Background: The diagnosis of paediatric cancer is a crisis for the parents who are the primary caregivers of the affected child. A comprehensive assessment of the longitudinal impact of childhood cancer on parental mental health and the potential sex differences between the parents is lacking. Thus, we aimed to explore the subsequent short- and long-term mental health outcomes among the parents of children with cancer and examine whether the outcomes vary between the mother and father. Methods: By combining several Swedish registers, parents of a child (ages 0–14 years) with a cancer diagnosis between Jan 1, 2006, and Dec 31, 2016 were identified. For each parent of children with cancer, up to five mothers or fathers of cancer-free children were randomly selected and matched, respectively. Hospital contacts for any mental health disorders between 5 years before and 7 years after the diagnosis of childhood cancer were retrieved. An interrupted time series negative binomial regression was performed to assess the short- and long-term impact of a childhood cancer diagnosis on the parents’ subsequent mental health outcomes. Findings: 16,199 mothers (2852 with a child with cancer and 13,347 without) and 15,708 fathers (2769 with a child with cancer and 12,939 without) were included in this study. Compared with mothers of children without cancer, mothers of children with cancer had higher risks of mental health disorders in the first year after diagnosis (rate ratio [RR] and 95% Confidence Interval [CI], 1.17 (1.03–1.32)), and notably, the adverse impact became more severe over time (RR and 95% CI, 1.36 (1.07–1.74), in the seventh year). For fathers of children with cancer, the risk of mental health disorders was continuously higher compared to matched comparisons (RR and 95% CI, 1.31 (1.01-1.71)). Interpretation: Our findings suggested that parental mental health was affected continuously by a diagnosis of childhood cancer in their children. In particular, the mother's mental health was affected more severely. Customised psychological services or interventions are highly needed for the parents of children with cancer. Funding: Swedish Research Council, Allmänna Sjukhusets i Malmö Stiftelsen för bekämpande av cancer, Swedish Heart-Lung Foundation, ALF funding from Region Skåne and China Scholarship Council.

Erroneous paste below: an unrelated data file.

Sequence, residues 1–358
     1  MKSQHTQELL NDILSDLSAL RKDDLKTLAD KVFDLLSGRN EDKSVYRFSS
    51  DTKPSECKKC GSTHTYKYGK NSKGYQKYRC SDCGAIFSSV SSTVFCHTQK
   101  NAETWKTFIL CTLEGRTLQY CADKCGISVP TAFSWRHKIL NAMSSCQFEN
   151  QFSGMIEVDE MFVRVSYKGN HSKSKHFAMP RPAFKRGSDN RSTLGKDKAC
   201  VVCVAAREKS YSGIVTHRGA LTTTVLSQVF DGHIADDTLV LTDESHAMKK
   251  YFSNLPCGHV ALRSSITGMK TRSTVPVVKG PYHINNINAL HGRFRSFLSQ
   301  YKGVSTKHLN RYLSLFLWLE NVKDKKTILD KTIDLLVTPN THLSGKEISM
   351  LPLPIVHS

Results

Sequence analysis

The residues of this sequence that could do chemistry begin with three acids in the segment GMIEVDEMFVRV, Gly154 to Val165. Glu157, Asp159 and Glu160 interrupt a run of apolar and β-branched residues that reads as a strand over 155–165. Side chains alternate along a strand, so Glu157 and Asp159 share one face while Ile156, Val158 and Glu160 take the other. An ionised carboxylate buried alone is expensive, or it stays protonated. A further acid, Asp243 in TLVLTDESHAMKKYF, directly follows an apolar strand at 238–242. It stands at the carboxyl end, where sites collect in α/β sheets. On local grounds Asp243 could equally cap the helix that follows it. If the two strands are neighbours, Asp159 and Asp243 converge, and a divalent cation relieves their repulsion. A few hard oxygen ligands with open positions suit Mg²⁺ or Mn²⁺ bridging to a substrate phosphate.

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- Folkhälsovetenskap, global hälsa, socialmedicin och epidemiologi